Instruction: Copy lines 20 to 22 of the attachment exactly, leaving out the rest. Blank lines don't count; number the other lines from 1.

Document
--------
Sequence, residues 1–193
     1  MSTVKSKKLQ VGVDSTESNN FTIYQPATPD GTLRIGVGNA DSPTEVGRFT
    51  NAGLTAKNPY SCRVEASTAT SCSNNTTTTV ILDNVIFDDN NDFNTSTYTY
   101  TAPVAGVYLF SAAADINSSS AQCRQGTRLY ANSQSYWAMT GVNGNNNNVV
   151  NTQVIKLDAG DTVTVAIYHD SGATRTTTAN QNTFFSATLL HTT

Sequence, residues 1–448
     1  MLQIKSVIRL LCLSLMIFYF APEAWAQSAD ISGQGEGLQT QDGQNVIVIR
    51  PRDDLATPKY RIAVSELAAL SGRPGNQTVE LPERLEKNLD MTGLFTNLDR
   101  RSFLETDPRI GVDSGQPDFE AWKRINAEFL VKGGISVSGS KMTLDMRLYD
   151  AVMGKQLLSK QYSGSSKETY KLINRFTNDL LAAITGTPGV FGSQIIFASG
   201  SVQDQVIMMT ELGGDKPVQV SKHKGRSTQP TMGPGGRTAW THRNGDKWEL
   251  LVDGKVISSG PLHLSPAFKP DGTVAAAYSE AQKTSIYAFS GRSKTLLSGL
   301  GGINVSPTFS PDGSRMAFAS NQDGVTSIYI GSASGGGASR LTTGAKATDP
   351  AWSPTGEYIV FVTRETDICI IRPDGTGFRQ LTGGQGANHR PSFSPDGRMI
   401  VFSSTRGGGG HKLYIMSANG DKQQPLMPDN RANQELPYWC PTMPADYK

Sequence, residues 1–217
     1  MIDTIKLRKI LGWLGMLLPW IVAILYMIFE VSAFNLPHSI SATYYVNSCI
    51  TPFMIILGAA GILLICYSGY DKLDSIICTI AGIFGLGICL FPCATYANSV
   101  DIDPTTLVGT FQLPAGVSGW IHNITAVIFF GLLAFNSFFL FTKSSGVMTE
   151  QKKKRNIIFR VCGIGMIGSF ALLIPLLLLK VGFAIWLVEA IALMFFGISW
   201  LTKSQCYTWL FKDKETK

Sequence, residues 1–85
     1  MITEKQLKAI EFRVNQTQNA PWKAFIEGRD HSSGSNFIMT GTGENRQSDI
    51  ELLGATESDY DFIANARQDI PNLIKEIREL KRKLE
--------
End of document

   151  QKKKRNIIFR VCGIGMIGSF ALLIPLLLLK VGFAIWLVEA IALMFFGISW
   201  LTKSQCYTWL FKDKETK

Sequence, residues 1–85